What Veterans Want

One Marine's transition to civilian work.

By Dori Meinert Oct 31, 2016
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​After 11 years in the U.S. Marine Corps, David Orick recently left the military to take his first full-time civilian job. He and his wife, Yen, and infant son, Liam, have resettled in Tennessee to be closer to family.

A few months ago, David Orick, 33, was designing and conducting live-fire training exercises at the Marine Corps Air Ground Combat Center near the southern California city of Twentynine Palms.

The infantry captain was calculating surface-fire danger zones, a job that demanded considerable mathematical skills to keep his trainees safe. At certain points in his 11-year military career, he was keeping track of $8 million in equipment and managing 1,000 people.

Yet when he sat down to write a resume for jobs in the civilian world, he wasn’t sure he had the kind of skills that private companies wanted.

“I didn’t even know where to start. What am I good at? I know my strengths, but how does that translate in the corporate world?” he recalls wondering.

He wanted to go back to Tennessee to be closer to his family. But he had no idea what industry to consider. He wanted a managerial role, something that paid enough for him to be able to take care of his growing family. And he wanted to do something worthwhile.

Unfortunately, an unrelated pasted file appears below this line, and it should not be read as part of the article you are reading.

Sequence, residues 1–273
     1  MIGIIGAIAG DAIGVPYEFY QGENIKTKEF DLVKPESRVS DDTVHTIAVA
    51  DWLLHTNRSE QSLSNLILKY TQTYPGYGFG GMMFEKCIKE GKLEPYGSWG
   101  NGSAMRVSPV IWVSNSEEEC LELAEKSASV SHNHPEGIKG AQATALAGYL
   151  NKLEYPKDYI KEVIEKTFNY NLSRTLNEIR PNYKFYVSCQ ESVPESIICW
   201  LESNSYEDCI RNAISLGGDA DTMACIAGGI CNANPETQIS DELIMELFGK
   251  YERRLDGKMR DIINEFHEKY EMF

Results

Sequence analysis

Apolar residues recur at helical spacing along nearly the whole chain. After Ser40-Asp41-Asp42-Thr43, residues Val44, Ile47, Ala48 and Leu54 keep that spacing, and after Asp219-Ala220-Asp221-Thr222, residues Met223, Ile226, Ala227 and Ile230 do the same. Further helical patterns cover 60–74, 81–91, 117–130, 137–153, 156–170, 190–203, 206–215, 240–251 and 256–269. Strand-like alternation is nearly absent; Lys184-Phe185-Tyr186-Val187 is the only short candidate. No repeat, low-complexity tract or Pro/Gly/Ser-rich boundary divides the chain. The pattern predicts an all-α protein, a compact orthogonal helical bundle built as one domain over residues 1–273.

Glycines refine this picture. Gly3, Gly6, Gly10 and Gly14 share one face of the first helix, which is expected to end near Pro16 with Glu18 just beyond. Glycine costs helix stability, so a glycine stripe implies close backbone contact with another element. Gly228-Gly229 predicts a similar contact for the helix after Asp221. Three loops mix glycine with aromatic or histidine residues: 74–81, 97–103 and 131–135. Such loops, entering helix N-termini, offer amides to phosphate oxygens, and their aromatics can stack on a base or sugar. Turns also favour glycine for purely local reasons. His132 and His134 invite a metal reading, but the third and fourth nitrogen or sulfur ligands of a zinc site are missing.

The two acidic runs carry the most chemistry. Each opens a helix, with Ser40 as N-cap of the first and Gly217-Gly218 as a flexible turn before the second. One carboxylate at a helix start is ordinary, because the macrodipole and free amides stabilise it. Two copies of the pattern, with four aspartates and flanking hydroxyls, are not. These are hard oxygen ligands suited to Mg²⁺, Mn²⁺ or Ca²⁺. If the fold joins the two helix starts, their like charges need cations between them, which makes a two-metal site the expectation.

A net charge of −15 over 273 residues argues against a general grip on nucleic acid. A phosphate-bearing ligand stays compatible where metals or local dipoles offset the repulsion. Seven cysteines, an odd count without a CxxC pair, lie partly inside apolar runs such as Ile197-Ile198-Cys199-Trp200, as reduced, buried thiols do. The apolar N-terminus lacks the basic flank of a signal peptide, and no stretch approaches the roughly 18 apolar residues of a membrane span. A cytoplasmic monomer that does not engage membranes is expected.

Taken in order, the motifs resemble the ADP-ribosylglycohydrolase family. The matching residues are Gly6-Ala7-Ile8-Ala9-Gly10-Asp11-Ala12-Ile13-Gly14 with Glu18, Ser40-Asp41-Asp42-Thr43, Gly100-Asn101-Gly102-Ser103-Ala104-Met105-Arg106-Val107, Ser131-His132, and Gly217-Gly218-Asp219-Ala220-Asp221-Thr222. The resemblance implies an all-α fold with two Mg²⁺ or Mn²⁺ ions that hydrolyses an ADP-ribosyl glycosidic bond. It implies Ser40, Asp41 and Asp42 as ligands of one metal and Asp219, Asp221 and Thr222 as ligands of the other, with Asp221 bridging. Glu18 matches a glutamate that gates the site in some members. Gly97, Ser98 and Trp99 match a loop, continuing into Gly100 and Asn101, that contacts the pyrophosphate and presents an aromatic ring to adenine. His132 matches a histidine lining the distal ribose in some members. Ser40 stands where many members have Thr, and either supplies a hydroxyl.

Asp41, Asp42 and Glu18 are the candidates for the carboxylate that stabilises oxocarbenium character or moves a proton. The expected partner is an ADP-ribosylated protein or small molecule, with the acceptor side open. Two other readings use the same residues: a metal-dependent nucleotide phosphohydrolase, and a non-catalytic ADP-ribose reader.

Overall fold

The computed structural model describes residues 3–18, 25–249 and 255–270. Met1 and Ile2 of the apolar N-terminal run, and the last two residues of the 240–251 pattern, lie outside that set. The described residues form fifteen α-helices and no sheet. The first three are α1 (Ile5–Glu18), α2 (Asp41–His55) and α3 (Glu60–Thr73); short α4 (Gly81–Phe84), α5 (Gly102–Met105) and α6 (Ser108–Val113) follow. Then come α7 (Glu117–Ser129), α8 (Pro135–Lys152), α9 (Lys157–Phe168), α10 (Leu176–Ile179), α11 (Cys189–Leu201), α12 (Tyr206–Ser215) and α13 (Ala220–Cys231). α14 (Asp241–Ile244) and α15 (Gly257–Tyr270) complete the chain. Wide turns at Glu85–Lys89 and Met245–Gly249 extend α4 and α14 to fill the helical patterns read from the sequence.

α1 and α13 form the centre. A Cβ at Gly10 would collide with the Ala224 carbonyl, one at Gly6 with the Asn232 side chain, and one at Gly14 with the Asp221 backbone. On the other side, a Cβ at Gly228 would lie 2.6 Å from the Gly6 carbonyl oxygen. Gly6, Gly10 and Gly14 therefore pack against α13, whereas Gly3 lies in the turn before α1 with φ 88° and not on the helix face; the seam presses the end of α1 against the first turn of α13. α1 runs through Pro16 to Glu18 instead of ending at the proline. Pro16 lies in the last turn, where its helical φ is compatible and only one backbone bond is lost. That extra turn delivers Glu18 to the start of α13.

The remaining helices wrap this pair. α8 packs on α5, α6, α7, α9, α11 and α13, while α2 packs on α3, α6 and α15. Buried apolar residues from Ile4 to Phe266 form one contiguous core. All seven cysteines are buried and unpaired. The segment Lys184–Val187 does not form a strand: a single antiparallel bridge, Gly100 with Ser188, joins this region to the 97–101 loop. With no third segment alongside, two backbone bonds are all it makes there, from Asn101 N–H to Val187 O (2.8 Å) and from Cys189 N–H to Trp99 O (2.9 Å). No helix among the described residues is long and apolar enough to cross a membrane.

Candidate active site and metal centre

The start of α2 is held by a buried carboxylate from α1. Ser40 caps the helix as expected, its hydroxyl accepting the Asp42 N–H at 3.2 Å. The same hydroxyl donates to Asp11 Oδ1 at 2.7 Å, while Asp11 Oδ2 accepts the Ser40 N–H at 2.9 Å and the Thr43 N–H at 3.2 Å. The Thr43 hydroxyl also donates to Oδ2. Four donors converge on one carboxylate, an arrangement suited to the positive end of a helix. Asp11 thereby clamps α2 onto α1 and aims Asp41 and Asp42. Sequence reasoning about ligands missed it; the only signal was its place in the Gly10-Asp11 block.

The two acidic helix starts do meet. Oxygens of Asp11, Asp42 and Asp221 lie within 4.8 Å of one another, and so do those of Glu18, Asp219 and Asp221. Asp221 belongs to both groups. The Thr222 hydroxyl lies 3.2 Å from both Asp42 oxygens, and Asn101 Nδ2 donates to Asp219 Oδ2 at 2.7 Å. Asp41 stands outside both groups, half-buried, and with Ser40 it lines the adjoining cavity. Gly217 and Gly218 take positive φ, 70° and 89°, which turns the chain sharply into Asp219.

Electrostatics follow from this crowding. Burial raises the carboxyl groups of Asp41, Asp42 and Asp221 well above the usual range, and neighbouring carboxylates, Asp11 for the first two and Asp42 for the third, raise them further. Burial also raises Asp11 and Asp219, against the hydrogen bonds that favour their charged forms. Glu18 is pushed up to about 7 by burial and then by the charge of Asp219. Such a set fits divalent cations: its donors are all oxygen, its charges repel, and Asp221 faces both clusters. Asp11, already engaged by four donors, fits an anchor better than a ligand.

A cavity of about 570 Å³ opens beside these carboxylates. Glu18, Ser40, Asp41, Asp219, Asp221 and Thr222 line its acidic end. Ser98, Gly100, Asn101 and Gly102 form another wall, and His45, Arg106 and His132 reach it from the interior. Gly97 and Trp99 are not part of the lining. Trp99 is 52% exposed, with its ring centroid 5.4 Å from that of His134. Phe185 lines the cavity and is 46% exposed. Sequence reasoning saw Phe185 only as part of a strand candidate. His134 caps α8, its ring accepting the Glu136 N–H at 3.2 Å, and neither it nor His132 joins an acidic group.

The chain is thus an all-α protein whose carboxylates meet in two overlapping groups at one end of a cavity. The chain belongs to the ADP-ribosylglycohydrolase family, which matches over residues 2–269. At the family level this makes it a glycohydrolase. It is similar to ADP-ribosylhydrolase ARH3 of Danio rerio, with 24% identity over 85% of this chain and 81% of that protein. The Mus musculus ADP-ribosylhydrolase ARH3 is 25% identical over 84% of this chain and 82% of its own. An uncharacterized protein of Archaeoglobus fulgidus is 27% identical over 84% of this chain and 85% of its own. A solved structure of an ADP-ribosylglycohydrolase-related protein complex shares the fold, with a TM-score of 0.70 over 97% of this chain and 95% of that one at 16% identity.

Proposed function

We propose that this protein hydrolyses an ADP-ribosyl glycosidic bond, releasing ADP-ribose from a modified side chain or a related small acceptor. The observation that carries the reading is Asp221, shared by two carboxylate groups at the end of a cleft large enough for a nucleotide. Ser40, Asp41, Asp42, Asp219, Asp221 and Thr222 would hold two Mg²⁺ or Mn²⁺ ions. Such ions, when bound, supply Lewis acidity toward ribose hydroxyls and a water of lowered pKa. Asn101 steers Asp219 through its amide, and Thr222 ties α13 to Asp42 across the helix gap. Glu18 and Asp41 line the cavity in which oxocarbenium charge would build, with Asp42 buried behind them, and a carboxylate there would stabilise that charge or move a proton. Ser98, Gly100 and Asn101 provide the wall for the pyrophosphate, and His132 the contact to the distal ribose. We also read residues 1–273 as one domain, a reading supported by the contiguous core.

“I wanted to be part of something that I could be proud of,” he says.

With the help of Bradley-Morris Inc., a private veterans recruiting company, Orick learned how to translate his military skills into civilian skills for his resume and job interviews. After just eight interviews, he accepted a job as operations manager for Radial, which handles distribution for retail companies, in Memphis. Company representatives told him they valued the teamwork mentality and leadership qualities that veterans bring.

Three things in particular impressed Orick about Radial:

• The hiring managers and HR professionals who interviewed him clearly spelled out the company’s organizational chart, or chain of command.

• Several of his interviewers were veterans, who were better able to understand Orick’s military background.

• The company assigned Orick a sponsor, another veteran hired just six months earlier who could guide Orick and his wife in their house search and answer his questions about the job itself.

Orick and his wife, Yen, who have lived apart for three of the five years they’ve been married, look forward to settling in to a new life with their infant son, Liam.

Main Article: Why Hiring Veterans Makes Good Business Sense

Photograph courtesy of David Orick

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